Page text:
How to Help a Child Deal with the Loss of a Pet

Disclaimer: This is a collaborative post for which I receive a minimal sum.

For most of us, a pet is more than just an animal – it is an integral part of the family and friend and best and closest partner we have. Often, they are the first to greet us in the morning and after school and at the end of the work day. And they are our source of comfort, and friendship in any emotional state that is determined. We can not protect children from the loss of a pet, but we can certainly help them deal with it. The grieving process can help children learn how to deal with other breakups throughout their lives. Perhaps something as simple as giving the pet its own burial, will assist them greatly with healing. In this case, you could look at a casket for pets. We recently had our beloved dog Herky cremated and have his little urn on a shelf in the living room. Have the kids write memories about the pet and feel as if they are closing a door. It may take time but it is possible to help them. 

Photo: Unsplash


So how to talk to kids and help them deal with the loss of a pet?

If the pet is very old or has a persistent illness, it is advisable to consider talking to the children before the death that is likely to occur. And in cases where it is necessary to put the pet to sleep, we can explain that: “The vets did everything they could but the pet was very sick”, “she was very sick now she can rest quietly and it will not hurt her”.

If the death of the pet is more sudden, what happened can be calmly explained. And let the child’s questions guide and lead the information that should be given to them. In toddlers, it may be a little difficult to explain well to them.  At this age there is no understanding of the concept of “death”, and at this age we can say that the pet has died and we can not see them anymore, and most importantly explain that the child is not the cause of the death and that death is naturally a part of life. It is also important to avoid expressions such as “the animal won’t be coming back because it has died.” Don’t be so blunt about things.  If the child wants more information, they will ask as long as they feel that we are not frightened by the subject, and thus will feel safe and comfortable doing so.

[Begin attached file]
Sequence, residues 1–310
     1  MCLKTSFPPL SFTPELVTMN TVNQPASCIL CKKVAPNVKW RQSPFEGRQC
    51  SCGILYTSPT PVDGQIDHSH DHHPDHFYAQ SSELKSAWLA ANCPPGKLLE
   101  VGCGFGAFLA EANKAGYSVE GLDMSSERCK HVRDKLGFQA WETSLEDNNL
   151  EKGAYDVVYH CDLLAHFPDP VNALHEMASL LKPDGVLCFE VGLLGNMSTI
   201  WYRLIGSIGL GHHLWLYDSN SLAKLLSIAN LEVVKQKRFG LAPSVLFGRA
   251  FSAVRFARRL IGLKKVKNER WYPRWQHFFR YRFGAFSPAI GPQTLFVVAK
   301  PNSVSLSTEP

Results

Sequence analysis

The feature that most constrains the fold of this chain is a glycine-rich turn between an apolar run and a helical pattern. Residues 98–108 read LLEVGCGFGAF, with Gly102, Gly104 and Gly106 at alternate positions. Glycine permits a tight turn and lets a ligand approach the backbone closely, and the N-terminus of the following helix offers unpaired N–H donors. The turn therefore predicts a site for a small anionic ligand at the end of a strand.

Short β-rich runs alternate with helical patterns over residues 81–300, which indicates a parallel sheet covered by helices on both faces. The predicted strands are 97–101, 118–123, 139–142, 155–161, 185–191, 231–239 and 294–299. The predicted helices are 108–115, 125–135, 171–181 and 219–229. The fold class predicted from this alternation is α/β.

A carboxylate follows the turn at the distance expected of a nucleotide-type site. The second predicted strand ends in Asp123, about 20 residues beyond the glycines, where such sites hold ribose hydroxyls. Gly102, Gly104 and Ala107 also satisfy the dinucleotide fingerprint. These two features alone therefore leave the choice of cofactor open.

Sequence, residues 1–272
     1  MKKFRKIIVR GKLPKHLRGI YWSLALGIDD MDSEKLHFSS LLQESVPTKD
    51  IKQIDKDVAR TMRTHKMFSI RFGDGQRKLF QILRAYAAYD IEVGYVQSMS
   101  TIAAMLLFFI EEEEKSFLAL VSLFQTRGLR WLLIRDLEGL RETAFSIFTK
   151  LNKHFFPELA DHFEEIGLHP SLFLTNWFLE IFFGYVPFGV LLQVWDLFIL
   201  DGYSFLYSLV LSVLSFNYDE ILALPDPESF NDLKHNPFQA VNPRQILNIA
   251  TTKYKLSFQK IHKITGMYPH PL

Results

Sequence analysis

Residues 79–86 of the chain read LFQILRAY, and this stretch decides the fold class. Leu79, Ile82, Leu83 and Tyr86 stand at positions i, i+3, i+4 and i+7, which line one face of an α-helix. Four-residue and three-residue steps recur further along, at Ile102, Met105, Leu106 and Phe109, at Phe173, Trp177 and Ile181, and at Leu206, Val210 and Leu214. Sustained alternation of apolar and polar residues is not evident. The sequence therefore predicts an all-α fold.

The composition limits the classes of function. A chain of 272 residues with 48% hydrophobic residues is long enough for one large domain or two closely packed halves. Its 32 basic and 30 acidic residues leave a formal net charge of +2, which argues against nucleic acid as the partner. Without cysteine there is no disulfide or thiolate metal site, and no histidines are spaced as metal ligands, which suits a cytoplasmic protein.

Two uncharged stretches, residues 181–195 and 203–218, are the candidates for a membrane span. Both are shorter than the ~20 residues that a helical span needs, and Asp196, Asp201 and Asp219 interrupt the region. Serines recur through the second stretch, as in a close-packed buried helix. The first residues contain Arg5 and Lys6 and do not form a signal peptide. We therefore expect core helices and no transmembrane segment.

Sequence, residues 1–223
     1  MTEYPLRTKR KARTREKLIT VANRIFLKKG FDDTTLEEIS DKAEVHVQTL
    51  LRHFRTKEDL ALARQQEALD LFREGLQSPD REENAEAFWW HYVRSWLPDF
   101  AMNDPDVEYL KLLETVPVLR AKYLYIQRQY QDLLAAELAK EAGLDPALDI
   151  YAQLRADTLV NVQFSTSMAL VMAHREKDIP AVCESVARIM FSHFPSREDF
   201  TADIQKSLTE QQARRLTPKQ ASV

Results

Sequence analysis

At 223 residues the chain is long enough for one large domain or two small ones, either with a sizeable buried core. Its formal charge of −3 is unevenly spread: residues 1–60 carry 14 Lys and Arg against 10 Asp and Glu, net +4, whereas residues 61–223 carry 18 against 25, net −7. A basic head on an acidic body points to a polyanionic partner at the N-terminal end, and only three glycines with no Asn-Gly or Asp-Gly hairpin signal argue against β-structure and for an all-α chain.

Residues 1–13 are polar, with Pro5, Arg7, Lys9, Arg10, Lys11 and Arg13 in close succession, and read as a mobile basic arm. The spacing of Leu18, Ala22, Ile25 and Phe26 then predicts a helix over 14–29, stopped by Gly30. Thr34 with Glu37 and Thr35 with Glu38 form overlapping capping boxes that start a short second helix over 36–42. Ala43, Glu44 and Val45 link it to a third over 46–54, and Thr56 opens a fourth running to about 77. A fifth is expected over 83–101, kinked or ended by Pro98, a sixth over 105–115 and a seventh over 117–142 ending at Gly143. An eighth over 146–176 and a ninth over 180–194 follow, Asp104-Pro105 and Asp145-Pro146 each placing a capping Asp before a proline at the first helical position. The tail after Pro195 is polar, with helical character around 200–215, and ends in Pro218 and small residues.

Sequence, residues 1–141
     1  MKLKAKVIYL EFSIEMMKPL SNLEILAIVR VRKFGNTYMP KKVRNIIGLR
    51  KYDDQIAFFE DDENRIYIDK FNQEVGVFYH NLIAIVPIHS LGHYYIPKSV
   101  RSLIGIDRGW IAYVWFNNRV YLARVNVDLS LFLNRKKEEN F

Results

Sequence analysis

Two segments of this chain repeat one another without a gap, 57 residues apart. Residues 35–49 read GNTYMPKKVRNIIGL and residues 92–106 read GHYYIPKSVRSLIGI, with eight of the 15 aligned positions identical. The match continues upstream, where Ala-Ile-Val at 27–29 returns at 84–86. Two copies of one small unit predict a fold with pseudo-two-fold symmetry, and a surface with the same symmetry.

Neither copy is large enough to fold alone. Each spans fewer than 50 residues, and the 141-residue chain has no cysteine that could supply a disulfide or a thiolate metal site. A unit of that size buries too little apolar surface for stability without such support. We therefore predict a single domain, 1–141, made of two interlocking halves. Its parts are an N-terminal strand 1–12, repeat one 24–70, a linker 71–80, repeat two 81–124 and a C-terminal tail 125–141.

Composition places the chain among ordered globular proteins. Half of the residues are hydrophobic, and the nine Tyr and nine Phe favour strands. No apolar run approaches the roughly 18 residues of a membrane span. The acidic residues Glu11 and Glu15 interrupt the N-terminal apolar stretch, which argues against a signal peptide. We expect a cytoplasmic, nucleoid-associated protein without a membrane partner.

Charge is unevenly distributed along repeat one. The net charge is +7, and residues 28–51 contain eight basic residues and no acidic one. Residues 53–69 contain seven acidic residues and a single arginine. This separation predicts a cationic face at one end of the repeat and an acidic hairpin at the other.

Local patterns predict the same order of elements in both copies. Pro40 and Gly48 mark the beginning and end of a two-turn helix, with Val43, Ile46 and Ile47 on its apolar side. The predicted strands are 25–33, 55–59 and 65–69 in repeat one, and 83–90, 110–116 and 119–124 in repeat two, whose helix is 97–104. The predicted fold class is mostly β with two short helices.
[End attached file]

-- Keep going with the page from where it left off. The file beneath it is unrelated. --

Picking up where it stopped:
Age 4-6 years

 Children aged four to six tend to see death as a temporary and reversible thing. They may believe that there is a possibility of bringing the pet back to life, by taking it to a doctor or giving medicine. The way of thinking that characterizes these ages sometimes evokes in them the belief that they are somehow causing the death of the pet themselves. Perhaps they had wished her something bad even if they thought badly of the pet usually. Therefore, they need repeated encouragement that they are not guilty.

Age 7-9 years

 Children in the range of seven to nine can understand the idea that death is permanent. And the best approach is to encourage communication and offer short, simple answers to the questions they will have about the loss.

 Adolescents and teens

 Adolescents and teens tend to face the death of a pet like adults. However, most adults have more experience with death and the feelings that accompany loss. It is important to give words to the experience and talk about it, and share your experience.

 The truth above all is to avoid trying to react to the event in a way that is not true. Death is a part of life and this is a way to show your child that it is a natural process and that it is OK to grieve. This may keep the child engaged in the long run, and it probably will not ease the sadness of losing the pet. The emotional experience of such an experience is an important part that will accompany us for the rest of our lives in dealing with difficult situations and separations we will experience and therefore it is important to express the emotions and also give place to sadness, confusion and other emotions that will accompany the loss. If the child asks what happens to the pet after it dies, because none of us really know, it’s also okay to say that you don’t know. Above all, they need to know that you can be encouraging and help them deal with the mourning. 

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